Human capital is an important input for growth at non-manufacturing tech companies such as NVDA. It fills a role as vital as CAPEX to a manufacturing company. Employee knowledge accumulates over time, carries positive externalities, and is often the lifeblood of innovation at these firms. However, current accounting principles were developed prior to the rise of the digital economy. They allow for the capitalization and depreciation of CAPEX but require companies to immediately expense internal R&D. Of course, R&D expense is where these firms report compensation paid to the growth engine of their business.
Although R&D projects obtained via acquisition are capitalized and amortized, in-house R&D projects still must be expensed as incurred. This treatment ignores the similar utility of both “types” of R&D. The financial industry adopted EBITDA to adjust for differences in operating & capital structure for CAPEX-heavy companies. Yet, there’s still no standard convention to level the playing field for R&D-heavy companies. Thus, there is a case for adjusting EBITDA for R&D expense. It slightly reduces earnings volatility and makes for a better comparison to stocks with differing operating structures.
By adjusting NVDA’s financial statements to capitalize and amortize R&D expense (ex-stock-based compensation) over four years, we find that TTM EBITDA would be 10-12% higher than reported. We use P/E as a simple way to illustrate our adjustment’s impact on valuation. As shown below, the median incremental benefit to EPS since 2016 is 11% while the average is slightly higher at 11.33%. Using adjusted trailing EPS, TTM P/E falls 10% from 65.15 to 58.7. By adjusting the forward EPS estimate, the forward P/E drops 10% from 23.7 to 21.4. We elaborate on our case for adjusting earnings of R&D dependent companies below.
What To Watch Today
- No notable earnings releases today
Market Trading Update
On January 3, 2022 the S&P 500 index closed at a record high of 4796.56. Nearly two years later the market is closing in on that milestone with the market closing yesterday just 15 points away. With just two trading days left in the year, a new all-time closing high seems inevitable. The question then become what happens next?
As noted yesterday on Twitter/X, our composite index of retail and institutional sentiment as compared to the volatility index, is at a reading higher than we saw in July when the market peaked. The subsequent correction clipped 10% off the markets. Will this time be different? While high sentiment readings do not necessarily mean the market will correct by 10%, it does suggest that at least a short-term correction to reduce the overbought condition is likely.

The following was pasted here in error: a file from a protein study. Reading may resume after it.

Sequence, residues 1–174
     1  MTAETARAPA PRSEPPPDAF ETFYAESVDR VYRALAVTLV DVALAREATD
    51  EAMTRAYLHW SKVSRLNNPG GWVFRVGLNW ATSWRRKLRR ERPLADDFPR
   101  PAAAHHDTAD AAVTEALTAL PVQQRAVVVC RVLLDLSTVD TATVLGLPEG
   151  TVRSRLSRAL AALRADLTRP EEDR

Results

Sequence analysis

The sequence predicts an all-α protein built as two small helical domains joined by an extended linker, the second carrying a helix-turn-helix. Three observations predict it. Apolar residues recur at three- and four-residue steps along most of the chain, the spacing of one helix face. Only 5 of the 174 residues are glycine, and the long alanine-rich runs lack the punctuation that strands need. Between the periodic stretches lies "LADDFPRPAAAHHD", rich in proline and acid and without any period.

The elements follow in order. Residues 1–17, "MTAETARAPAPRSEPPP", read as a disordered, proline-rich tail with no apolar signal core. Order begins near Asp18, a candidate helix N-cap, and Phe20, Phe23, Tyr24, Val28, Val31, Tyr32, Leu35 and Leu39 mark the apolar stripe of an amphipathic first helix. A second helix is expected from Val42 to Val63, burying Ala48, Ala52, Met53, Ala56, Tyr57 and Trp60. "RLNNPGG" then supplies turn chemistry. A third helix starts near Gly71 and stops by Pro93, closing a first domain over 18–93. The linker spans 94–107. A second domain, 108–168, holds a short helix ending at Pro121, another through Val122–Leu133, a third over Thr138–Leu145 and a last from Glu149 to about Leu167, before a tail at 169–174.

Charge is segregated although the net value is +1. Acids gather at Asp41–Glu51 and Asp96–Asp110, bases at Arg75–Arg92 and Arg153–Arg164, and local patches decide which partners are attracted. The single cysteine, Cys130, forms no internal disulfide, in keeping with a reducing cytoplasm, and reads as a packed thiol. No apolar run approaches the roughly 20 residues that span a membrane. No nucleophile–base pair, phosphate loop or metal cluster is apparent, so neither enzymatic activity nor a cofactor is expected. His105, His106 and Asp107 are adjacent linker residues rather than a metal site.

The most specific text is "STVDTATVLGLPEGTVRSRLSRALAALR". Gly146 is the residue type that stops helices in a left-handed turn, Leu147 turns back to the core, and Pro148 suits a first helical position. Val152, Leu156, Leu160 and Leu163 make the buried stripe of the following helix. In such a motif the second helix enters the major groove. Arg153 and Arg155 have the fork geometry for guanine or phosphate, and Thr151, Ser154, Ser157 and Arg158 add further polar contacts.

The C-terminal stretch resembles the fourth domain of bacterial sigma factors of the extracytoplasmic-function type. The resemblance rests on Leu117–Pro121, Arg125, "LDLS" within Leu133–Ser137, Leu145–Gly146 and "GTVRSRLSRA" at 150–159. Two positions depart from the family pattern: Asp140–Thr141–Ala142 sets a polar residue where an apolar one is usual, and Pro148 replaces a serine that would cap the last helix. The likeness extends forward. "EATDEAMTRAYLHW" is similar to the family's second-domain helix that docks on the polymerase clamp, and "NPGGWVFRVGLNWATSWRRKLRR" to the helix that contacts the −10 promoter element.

With momentum and sentiment firmly intact, there seems little to keep the market from rising for now. However, we will likely see some of the froth come off in January.
Putting NVDA’s R&D Dependence in Perspective
To demonstrate the value of the earnings adjustment previously discussed, we compare R&D dependence for a handful of S&P 500 companies below. You’ll notice that AMD and NVDA are in a class of their own, while the following four stocks have a greater bias toward R&D expense than the last four. If you compare company valuations based on EBITDA, therein lies the value of adjusting EBITDA to level the playing field, as discussed above.
It’s important to remember that if you adjust the earnings of one company, you must make that adjustment for every company to which you are comparing its fundamentals. There’s no set period length to amortize R&D, but it must remain consistent across companies. Also, note that we capitalized and amortized only the non-stock-based compensation portion of NVDA’s R&D expense. The difference would be even more significant if we had used the full R&D expense instead.
Credit Spreads Hover Near 18-Month Lows
The 10-year Treasury yield has fallen over 100 basis points since October 31st. Credit spreads have fallen alongside yields as investors cozy up to decreasing default risk. The catch is that credit spreads have been contracting most of the year while benchmark yields were rising. As shown below, both the investment grade and high-yield bond index credit spreads are hovering near 18-month lows. However, both the 5- and 10-year yields are still 100+ basis points above their respective levels the last time credit spreads were this low.
With credit spreads near historic lows and yields still somewhat elevated, there’s a case for adjusting bond exposure to favor treasuries rather than corporate bonds. There’s little to suggest that credit spreads should tighten further than they have over the past ten years, but there’s an argument to make that they are too tight for the current credit environment. Thus, avoiding exposure to changing credit spreads may pay off until some sort of normalization takes place.
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